The police say they will not conclude an investigation into the killing of several patients at a hospital in east Bohemia until September or October. Former orderly Petr Zelenka has admitted to using a blood-thinning drug to kill eight patients at the hospital in Havlickuv Brod. But the Health Ministry has said the real figure could be as high as 13. Police said they were waiting for the results of a ministry inquiry, as well as expert analyses.
Interior Minister Ivan Langer has promised tighter controls on police phone tapping in the Czech Republic. Speaking after a meeting with President Vaclav Klaus on Thursday, Mr Langer said he had ordered Police President Vladislav Husak to prepare a thorough analysis of phone tapping in the country. He said the police would produce an annual report on the matter, which would be made public.
Czech ski-jumper Jan Mazoch, who crashed badly during a competition last month, has issued a message to fans, saying he is on the road to recovery, and may even return to ski-jumping. Mazoch, undergoing rehabilitation at a hospital in Prague, says he is still suffering from short-term memory lapses.
Prime Minister Mirek Topolanek has called on opposition deputies demanding the resignation of Jiri Cunek to give the regional development minister a chance to clear his name. On Wednesday the Senate voted to lift Mr Cunek's immunity, to allow proceedings to begin against him for alleged bribe-taking. The opposition Social Democrats criticised Mr Topolanek for not having sacked Mr Cunek. But the prime minister said the case against Mr Cunek was "strange".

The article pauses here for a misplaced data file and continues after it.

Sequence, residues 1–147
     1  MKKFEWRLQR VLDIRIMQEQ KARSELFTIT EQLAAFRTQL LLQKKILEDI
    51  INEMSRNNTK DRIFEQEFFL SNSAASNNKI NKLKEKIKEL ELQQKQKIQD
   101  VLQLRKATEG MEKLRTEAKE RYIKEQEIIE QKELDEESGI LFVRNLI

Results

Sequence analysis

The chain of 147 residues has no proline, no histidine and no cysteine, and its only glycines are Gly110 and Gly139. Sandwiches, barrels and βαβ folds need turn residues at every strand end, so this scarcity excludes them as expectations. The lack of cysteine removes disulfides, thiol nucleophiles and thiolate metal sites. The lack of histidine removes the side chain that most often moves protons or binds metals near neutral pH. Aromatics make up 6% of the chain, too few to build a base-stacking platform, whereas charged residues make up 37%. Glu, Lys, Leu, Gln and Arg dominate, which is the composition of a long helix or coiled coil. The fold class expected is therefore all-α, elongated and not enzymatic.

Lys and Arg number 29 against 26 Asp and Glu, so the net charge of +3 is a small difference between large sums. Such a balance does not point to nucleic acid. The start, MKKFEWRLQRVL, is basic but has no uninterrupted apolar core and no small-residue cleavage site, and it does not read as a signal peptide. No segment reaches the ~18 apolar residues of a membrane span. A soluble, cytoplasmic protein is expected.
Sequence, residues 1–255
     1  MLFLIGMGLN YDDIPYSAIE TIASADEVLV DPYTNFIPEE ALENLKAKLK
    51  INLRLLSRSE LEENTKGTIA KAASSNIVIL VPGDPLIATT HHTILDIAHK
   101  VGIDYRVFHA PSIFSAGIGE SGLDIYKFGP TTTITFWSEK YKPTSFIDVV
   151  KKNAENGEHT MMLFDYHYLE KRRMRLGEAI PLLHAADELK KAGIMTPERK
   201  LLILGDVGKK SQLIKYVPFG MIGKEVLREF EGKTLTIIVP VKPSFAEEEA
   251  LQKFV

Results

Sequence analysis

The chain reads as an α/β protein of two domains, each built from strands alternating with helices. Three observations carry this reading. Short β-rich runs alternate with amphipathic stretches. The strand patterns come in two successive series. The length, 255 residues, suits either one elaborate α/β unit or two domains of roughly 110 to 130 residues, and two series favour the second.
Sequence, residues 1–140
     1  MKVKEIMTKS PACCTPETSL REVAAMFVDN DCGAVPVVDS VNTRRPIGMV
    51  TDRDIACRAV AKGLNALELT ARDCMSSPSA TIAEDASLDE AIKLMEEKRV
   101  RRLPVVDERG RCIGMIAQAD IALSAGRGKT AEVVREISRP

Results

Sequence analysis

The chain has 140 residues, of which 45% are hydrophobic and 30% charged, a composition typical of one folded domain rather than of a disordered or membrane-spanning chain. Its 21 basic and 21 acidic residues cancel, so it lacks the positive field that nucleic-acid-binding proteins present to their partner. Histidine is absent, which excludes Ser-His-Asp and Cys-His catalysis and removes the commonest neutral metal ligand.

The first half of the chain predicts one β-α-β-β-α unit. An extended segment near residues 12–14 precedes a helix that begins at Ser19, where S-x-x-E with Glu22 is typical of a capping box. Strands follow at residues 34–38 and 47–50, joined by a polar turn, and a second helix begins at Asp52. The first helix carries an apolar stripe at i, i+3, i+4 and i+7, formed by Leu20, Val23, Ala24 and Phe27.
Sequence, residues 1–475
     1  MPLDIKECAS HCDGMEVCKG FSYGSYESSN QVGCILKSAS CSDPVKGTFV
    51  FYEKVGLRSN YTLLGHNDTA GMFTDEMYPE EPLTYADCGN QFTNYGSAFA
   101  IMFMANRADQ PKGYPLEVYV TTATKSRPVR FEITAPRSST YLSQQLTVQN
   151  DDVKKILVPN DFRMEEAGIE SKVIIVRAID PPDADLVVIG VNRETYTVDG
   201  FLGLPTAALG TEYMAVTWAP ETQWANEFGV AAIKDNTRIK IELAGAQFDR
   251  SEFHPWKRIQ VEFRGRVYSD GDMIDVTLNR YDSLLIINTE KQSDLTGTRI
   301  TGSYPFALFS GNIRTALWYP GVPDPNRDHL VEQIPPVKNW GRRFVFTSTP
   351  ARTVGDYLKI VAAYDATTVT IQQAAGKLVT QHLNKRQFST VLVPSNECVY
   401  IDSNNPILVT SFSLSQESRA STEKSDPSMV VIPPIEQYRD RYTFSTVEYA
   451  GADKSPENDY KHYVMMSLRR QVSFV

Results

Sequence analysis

Radio Impuls was the most listened to radio station in the Czech Republic in the second half of last year, according to a study called Radio Projekt prepared by two polling agencies. Evropa 2 was second most popular, followed by Frekvence 1. Czech Radio's Radiozurnal and Praha stations were in fourth and firth place.
The governing Civic Democrats remain the most popular party, with the support of 36 percent of voters, suggests a poll carried out by the Median agency last month. Almost 29 percent of respondents said they would vote for the Social Democrats. Another opposition party, the Communists, came third in the poll with 11 percent support.
Police have concluded that former Justice Ministry spokesman Petr Dimun did not try to blackmail a journalist. Mr Dimun was accused of trying to pressure TV Nova reporter Jana Peterkova into give false testimony against her former boyfriend, convicted fraudster Tomas Pitr. The journalist said she would lodge a complaint against the shelving of the case.
Elsewhere, Mr Langer said he was not planning to dismiss Police President Husak. In an interview with Pravo, the minister said, however, that Mr Husak would have to quit the post if he does not pass a security clearance test. Mr Langer recently ordered almost 1,000 senior police to undergo fresh vetting, after it emerged that the head of the Czech branch of Interpol obtained a negative screening certificate using a false name.
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